Hardie-Tynes first alleges that the bid submitted by IMPSA International is nonresponsive because it does not contain an unequivocal commitment to perform the contract. Specifically, Hardie Tynes argues that, because IMPSA-International relied on the manufacturing experience of IMPSA- Argentina, it could have chosen to avoid the contract by not disclosing its relationship with IMPSA Argentina. Hardie-Tynes also argues that the bid is nonresponsive because it is ambiguous as to whether IMPSA- International or IMPSA Argentina is the bidding party, and, therefore, it is not clear which firm is obligated to perform the contract.

The test for responsiveness is whether a bid as submitted represents an unequivocal commitment to provide the requested supplies or services at a firm, fixed-price. Unless something on the face of the bid either limits, reduces or modifies the obligation of the prospective contractor to perform in accordance with the terms of the solicitation, the bid is responsive. Haz-Tad, Inc., et al.,68 Comp.Gen. 92 (1988), 88-2 CPD Para. 486. The determination as to whether a bid is responsive must be based solely on the bid documents as they appear at the time of bid opening. Id.

Here, the bid was submitted in the name of IMPSA-International and there was nothing on its face to indicate that IMPSA-International would not perform in accordance with the terms of the solicitation. Consequently, the bid as submitted was responsive. In examining the responsiveness of the bid, it would have been improper for the contracting officer to have relied on post-bid opening submissions concerning whether IMPSA- International met the solicitation requirement for manufacturing experience since, as explained below, that requirement relates to responsibility and has no bearing on the responsiveness of the bid. Insofar as Hardie-Tynes is arguing that the bid is ambiguous as to whether IMPSA-International or IMPSA-Argentina is the bidding party, it is clear from the bid itself that IMPSA International was the bidder and that, even though the flow gates will be manufactured by IMPSA-Argentina, IMPSA- International is obligated to supply the flow gates to the government under the contract.

Furthermore, we find unpersuasive Hardie-Tynes' argument that IMPSA International could have chosen not to disclose its corporate affiliation with IMPSA-Argentina in order to avoid being awarded the contract. IMPSA- International's bid clearly disclosed the only critical relationship between the two firms-- that is, that IMPSA Argentina would be doing the actual manufacturing for IMPSA International, which had agreed to furnish the gates to the government. Theoretically, any bidder could attempt to be found nonresponsible by not cooperating with contracting officials who ask for relevant financial or corporate documents during the course of a responsibility determination. However, here, IMPSA-International cooperated fully by furnishing the corporate documents and, once found responsible and awarded the contract, was bound to perform the work.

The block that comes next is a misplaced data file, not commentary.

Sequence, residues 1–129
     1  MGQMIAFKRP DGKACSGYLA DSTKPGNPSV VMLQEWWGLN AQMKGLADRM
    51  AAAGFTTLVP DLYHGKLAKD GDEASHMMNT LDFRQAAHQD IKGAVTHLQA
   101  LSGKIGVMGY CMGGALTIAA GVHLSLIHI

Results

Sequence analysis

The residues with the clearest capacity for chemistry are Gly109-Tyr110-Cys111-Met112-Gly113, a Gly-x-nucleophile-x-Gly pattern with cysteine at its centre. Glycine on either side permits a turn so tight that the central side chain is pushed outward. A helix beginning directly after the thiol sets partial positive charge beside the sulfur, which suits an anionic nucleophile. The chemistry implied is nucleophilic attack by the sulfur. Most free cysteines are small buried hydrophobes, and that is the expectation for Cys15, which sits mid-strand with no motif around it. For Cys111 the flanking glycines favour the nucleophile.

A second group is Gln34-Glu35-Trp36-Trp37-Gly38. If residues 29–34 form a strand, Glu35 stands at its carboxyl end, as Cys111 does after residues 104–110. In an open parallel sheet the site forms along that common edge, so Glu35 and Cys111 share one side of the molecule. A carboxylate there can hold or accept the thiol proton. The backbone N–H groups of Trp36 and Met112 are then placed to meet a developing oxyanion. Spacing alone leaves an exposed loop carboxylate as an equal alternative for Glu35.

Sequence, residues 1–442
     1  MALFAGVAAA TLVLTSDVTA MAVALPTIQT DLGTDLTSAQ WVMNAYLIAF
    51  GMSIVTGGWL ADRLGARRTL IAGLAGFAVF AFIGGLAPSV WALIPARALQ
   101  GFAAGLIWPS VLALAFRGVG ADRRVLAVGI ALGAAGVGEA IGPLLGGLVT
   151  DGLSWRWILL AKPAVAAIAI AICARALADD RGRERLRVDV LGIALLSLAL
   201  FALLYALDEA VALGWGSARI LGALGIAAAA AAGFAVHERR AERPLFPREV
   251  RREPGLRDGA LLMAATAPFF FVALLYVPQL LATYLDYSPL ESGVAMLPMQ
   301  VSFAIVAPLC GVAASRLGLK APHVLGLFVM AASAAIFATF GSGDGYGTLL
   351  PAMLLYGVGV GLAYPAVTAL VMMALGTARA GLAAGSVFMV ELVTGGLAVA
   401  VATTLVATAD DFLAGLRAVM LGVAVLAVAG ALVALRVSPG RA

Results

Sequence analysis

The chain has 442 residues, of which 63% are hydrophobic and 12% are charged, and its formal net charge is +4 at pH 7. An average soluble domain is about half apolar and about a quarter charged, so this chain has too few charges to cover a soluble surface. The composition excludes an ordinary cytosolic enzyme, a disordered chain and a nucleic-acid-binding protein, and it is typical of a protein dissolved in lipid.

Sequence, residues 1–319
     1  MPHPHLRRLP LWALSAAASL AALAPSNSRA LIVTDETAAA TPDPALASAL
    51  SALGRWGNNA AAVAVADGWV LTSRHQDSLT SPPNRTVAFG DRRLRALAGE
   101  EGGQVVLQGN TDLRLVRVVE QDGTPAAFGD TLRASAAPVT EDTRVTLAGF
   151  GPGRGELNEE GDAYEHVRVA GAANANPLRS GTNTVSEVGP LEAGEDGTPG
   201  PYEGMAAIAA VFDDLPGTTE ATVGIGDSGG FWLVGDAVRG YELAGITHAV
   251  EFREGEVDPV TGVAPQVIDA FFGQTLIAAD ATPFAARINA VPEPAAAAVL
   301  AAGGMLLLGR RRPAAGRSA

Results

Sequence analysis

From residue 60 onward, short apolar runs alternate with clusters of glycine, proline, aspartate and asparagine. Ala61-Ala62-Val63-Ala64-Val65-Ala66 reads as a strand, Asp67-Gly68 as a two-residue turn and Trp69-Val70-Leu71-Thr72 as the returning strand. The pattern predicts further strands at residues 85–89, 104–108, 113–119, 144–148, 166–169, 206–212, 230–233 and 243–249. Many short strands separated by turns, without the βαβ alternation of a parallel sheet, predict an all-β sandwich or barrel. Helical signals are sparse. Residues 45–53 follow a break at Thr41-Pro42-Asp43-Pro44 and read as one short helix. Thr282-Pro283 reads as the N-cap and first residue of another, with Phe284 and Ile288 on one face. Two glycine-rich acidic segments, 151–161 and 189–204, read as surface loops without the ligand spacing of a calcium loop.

Hardie-Tynes also protests that IMPSA-International, a Pennsylvania corporation with approximately 12 employees and no manufacturing facilities, is not a responsible bidder because it does not meet the manufacturing experience requirement of the IFB. Hardie-Tynes contends that while IMPSA-Argentina, the parent corporation, is a manufacturing company, IMPSA-International cannot rely on the experience of IMPSA Argentina to meet the 5-year manufacturing experience requirement. support this position Hardie-Tynes cites Federal Acquisition Regulation (FAR) Sec. 9.104-3(d), which provides that affiliated concerns are normally considered separate entities in determining whether a contractor meets applicable standards for responsibility. Hardie-Tynes also argues that while the experience of a nonbidding entity can be used to determine the responsibility of a bidding party in appropriate circumstances, the bid must first establish that the nonbidding entity whose experience is being relied upon is committed to perform the contract. Hardie-Tynes contends that the corporate documents submitted by IMPSA-International do not establish that IMPSA-Argentina made any commitment to manufacture flow gates for IMPSA-International when IMPSA International acts in its own name; thus, Hardie-Tynes argues that the documents provide no basis for the Bureau to rely upon the experience of IMPSA-Argentina to find IMPSA- International responsible.